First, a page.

Saturday, November 29, 2008

Cartesian Roots.


We all come from them. Our societal upbringing has made it so. It is as though we were bathed in its understanding from the minute we came out of the womb.
I just spent the entire day working through the concepts of knowledge and reality that can be found through a study of Chesterton's orthodoxy. I myself studied these concepts a little over a year ago. Now, as I go back through them at a completely different stage of life, I am affected in an entirely different way.

We talked about how the modern man boils down his reality to what he can understand. He has tried to understand it all but discovered he could not. So he simply rid himself of everything he could not rationalize. We discovered this process leads to an insane simplicity; an unhealthy and untrue simplicity.

Then we went on to the connections of this with other thoughts; specifically that of humility and mysticism. We discovered that it takes humility to step outside of your nicely constructed frame and look at a reality which may not directly be yours. At the same time, in order to understand a reality which is not your own, we discovered, you need a healthy appreciation of the unknown. You need a healthy balance of understanding what is and the possibility of what could be.

After the eighth time we went over this, I discovered a contradiction for myself. Comparably, the existentialist view we have of life is a direct antithesis to what we were created for. I think I discovered this a few months ago, but the phrasing of this is so important. The existentialist view states ". . . the uniqueness and isolation of the individual experience in a hostile or indifferent universe, regards human existence as unexplainable, and stresses freedom of choice and responsibility for the consequences of one's acts" (dictionary.com). This is the materialist's view. This is living within a self-contained box that we control. We discovered that not only does this lead to insanity, but also to incredibly hardened hearts. When you take away any question, any doubt, any grey, you take away all freedom. Thus, I've never met an sane existenialist.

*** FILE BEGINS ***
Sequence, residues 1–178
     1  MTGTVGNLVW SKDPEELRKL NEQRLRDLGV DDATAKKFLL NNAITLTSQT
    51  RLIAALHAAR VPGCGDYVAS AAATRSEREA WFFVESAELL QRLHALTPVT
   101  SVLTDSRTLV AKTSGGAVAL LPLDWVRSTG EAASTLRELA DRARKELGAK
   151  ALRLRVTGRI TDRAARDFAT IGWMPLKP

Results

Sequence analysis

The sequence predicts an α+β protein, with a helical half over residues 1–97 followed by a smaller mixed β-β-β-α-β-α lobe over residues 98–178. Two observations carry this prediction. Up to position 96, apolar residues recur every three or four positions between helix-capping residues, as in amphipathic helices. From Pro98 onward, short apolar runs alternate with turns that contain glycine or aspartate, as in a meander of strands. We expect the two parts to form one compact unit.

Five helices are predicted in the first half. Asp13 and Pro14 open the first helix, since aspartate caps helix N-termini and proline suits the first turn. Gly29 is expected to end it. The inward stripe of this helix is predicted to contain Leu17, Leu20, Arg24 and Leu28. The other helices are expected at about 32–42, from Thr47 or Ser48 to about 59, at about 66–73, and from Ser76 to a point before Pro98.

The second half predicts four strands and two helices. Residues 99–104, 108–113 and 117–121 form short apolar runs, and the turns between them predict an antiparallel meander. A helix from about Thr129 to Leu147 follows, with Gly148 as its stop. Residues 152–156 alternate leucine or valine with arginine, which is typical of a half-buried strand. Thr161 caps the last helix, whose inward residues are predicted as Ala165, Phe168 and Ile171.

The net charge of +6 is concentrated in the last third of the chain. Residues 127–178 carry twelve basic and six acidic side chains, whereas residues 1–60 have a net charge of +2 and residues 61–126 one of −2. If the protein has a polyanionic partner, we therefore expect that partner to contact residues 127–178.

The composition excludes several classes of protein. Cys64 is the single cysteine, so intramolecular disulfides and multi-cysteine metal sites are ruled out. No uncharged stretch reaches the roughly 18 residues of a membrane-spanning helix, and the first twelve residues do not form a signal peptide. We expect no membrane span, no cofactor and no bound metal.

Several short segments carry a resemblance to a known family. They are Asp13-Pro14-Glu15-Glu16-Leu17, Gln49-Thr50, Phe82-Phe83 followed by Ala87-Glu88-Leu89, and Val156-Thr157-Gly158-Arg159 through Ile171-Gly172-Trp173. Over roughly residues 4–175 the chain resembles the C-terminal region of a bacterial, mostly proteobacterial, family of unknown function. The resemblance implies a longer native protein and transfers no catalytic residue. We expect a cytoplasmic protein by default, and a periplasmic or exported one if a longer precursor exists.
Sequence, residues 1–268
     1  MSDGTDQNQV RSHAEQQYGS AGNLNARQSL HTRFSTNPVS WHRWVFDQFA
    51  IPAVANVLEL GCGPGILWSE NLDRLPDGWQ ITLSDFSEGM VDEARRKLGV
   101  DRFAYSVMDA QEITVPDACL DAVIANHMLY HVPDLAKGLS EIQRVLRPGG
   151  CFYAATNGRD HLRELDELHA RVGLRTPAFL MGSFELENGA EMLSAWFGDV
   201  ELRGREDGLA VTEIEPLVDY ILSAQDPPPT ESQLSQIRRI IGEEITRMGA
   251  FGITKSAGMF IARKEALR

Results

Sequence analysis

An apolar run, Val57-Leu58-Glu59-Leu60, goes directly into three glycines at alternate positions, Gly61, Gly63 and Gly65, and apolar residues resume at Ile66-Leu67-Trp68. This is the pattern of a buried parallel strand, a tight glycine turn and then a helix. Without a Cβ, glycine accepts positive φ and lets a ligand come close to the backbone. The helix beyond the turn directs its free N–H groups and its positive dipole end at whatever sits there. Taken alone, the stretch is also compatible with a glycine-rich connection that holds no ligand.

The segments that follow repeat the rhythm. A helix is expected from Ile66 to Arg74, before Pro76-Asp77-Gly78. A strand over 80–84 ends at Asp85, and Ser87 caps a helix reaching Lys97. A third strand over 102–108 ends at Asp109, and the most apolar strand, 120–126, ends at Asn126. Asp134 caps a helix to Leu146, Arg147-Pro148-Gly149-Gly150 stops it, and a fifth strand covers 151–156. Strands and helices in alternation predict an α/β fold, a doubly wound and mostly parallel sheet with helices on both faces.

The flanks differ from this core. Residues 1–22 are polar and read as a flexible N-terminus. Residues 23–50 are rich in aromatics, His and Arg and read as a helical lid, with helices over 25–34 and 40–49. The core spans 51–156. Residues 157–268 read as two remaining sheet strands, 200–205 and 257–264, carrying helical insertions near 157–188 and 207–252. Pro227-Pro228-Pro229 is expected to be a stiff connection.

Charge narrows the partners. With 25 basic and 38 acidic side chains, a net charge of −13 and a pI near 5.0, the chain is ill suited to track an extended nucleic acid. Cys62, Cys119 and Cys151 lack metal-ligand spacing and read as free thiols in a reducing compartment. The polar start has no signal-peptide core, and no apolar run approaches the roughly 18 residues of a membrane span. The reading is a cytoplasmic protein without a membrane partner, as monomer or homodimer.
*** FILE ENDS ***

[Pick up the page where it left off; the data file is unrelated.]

When we try to have all the answers, when we try to be the center of everything, we get hurt. We give up relying on anything greater than ourselves, so we need to be strong. We need to be stronger than everything else that may come up against us. This leads to hardened hearts. This leads to bitterness and anger and envy and strife. This is not what we are called to.

What we are called to is to have softened hearts. We are called to not have the answers but to allow Christ to rule in our lives in a way that gives peace and allows us to live with the grey. When we put our faith in the unfailable Christ, we are given a foundation that can never fail. When we stand upon that foundation, therefore, we have the freedom to question and doubt and live. Mysticism therefore is a call to softened hearts.

We all come from them. But they don't have to define us. Our world is the direct antithesis of what we are called to as followers of Christ. What choices are we going to make then, to live apart from that?

1 comment:

francine said...

wow han...i had to read it twice to really get it. and then i read it again cuz i liked it so much.